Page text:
- The Washington Times - Wednesday, February 21, 2007

The first “sniffs of air” of two huge far-away planets reveal that they seem to be missing water, a surprising finding amid weather unlike any planets in our solar system with blast furnace gusts amid supersonic winds.

The absence of water in the atmospheres of both these Jupiter-sized gaseous bodies upsets one of the most basic assumptions of astronomy.

One of the researchers, Harvard University astronomy professor David Charbonneau, called the planets “very different beasts unlike any other planets in the solar system.”

So far, scientists have found 213 planets outside our solar system they are called exoplanets. But only eight or nine are in the right orbit and location for the type of study reported by three teams using NASA’s Spitzer Space Telescope.

The closest of the two planets studied, HD 189733b, is 360 trillion miles from Earth in the constellation Vulpecula. The other planet, HD 209458b, is about 900 trillion miles away in the constellation Pegasus and it has a strange cloud of fine silicate particles. Two different research teams studied it.

The two suns the planets orbit closely have hydrogen and oxygen, the stable building blocks of water. The planets’ atmospheres examined for the first time using light spectra to determine the air’s chemical composition are supposed to be made up of the same thing water.

“We had expected this tremendous signature of water and it wasn’t there,” said Carl Grillmair of the California Institute of Technology and Spitzer Science Center. He and Mr. Charbonneau studied the closer of the two planets, and their work is being published online in the Astrophysical Journal Letters.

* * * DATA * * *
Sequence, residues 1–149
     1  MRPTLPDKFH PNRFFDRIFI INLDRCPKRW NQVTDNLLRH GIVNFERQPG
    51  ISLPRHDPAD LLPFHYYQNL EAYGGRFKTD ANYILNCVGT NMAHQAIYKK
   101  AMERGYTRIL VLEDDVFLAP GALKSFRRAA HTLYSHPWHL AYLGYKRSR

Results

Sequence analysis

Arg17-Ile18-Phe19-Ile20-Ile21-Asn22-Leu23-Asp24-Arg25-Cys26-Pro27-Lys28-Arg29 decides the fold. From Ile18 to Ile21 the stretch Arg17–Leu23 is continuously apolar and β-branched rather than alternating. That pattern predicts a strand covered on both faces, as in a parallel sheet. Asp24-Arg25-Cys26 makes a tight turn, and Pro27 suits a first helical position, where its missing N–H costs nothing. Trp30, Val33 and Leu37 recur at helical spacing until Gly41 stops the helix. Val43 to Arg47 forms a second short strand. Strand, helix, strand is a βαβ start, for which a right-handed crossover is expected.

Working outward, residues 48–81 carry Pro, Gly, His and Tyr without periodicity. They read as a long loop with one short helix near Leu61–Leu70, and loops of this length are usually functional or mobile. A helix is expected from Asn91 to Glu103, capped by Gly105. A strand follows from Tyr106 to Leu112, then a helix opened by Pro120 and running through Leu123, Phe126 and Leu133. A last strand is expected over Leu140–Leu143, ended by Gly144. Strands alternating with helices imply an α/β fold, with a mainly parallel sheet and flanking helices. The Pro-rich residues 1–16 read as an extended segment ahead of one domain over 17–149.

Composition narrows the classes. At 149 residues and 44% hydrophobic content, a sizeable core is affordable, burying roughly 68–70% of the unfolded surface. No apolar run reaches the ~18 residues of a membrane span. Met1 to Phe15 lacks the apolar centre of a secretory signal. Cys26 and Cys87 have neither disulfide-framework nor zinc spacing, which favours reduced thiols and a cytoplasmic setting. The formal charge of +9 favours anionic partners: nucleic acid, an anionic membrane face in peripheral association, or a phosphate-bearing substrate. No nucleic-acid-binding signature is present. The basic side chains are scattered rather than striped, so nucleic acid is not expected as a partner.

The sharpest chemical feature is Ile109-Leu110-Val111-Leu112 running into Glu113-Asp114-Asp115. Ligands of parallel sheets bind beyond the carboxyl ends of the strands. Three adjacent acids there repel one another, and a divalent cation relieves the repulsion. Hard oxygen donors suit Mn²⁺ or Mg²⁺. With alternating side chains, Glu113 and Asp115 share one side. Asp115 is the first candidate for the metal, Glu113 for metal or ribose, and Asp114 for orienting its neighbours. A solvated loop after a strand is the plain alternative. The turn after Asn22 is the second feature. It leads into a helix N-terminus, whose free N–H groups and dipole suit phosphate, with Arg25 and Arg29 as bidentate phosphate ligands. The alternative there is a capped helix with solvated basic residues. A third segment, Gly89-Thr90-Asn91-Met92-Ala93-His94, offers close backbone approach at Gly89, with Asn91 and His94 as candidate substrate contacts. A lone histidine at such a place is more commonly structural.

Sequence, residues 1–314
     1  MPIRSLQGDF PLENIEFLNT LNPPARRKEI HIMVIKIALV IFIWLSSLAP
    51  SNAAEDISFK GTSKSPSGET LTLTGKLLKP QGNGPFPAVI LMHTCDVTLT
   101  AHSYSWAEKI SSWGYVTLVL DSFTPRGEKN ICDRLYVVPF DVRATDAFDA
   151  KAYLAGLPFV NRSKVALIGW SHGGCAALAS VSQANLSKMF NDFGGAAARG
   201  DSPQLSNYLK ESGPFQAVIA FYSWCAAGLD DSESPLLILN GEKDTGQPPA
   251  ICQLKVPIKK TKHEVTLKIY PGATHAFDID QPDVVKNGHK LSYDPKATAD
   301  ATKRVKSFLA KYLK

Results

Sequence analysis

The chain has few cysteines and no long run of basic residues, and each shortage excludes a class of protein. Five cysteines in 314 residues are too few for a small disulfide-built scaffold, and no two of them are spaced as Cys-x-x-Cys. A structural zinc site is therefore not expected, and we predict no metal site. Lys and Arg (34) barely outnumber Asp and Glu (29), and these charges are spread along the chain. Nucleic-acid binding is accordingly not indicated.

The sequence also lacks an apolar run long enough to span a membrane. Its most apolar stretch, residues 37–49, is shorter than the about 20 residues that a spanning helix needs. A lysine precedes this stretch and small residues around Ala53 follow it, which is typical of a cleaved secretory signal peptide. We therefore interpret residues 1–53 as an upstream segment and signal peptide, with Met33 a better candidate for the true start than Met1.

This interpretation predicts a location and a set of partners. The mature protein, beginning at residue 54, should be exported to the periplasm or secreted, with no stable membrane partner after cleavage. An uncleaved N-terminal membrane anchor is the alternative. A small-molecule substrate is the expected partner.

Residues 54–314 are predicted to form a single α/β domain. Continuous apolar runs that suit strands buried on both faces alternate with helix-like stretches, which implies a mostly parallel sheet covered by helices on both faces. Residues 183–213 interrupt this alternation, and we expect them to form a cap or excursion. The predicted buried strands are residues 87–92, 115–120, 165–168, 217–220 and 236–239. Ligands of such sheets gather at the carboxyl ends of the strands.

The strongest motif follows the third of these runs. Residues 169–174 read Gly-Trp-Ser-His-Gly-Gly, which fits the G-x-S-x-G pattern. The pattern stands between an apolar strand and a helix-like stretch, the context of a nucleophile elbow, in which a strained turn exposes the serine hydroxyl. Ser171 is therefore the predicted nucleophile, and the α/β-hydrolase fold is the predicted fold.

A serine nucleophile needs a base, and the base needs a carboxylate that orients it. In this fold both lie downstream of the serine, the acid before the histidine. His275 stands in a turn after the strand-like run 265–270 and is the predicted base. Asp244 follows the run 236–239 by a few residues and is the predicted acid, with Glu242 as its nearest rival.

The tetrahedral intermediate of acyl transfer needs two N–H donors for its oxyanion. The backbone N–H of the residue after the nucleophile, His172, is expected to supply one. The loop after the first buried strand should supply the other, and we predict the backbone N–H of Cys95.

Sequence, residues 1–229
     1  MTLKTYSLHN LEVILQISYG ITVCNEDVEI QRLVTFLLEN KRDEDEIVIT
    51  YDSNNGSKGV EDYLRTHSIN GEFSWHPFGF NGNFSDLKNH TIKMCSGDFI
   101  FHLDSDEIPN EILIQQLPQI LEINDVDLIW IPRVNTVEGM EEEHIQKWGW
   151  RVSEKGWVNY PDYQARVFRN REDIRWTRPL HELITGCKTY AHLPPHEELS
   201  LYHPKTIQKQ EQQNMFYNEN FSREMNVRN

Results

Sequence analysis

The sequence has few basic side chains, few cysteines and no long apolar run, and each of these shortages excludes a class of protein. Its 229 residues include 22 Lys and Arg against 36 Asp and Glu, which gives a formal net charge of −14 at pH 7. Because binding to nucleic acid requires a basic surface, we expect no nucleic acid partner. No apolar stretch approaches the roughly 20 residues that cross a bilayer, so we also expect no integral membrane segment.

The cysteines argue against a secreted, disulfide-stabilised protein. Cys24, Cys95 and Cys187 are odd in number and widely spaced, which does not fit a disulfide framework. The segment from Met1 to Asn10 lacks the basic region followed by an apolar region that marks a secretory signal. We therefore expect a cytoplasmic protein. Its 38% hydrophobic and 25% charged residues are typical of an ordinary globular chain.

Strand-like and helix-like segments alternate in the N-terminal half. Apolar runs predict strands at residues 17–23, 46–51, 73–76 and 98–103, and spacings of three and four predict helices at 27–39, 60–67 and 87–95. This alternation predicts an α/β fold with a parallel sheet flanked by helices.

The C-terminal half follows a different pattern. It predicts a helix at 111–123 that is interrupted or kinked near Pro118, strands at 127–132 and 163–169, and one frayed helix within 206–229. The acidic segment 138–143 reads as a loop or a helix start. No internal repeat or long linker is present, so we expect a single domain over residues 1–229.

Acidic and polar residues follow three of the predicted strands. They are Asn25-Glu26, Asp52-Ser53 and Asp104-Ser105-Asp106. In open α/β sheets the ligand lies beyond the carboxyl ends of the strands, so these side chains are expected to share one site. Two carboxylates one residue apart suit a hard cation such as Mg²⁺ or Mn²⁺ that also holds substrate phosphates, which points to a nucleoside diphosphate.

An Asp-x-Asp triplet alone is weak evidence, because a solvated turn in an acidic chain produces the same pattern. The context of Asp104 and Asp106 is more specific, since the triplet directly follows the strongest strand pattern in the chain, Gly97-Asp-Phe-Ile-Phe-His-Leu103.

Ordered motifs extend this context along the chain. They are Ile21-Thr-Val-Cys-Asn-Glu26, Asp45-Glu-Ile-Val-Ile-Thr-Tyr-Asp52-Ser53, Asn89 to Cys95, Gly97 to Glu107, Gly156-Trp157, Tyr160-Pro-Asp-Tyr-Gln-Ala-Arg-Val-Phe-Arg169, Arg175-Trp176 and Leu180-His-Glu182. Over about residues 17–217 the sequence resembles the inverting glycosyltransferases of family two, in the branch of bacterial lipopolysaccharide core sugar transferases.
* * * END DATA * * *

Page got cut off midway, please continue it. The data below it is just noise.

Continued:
Our own solar system has two planets without water in the atmosphere, Mr. Grillmair noted: Mercury, which doesn’t have an atmosphere, and Venus, which is a different type of planet from the huge gaseous ones that would be expected to have the components of water in the air.

But consider the atmosphere on the second of the two exoplanets, the one 900 trillion miles away: “Weather today on 209458 is hot, dry, probably cloudy with a chance of wind,” study team leader Mark Swain of NASA’s Jet Propulsion Lab said yesterday.

How hot? Try 1,500 degrees Fahrenheit. How windy? Somewhere between 500 and 2,000 mph.

Another research team found indications that the atmosphere has grains of silicon-oxygen compounds. That team, led by L. Jeremy Richardson of NASA’s Goddard Space Flight Center, is reporting its research in today’s issue of Nature.

Mr. Swain called the results “a very important stepping stone for our ultimate goal of characterizing planets around other stars where life could exist.”

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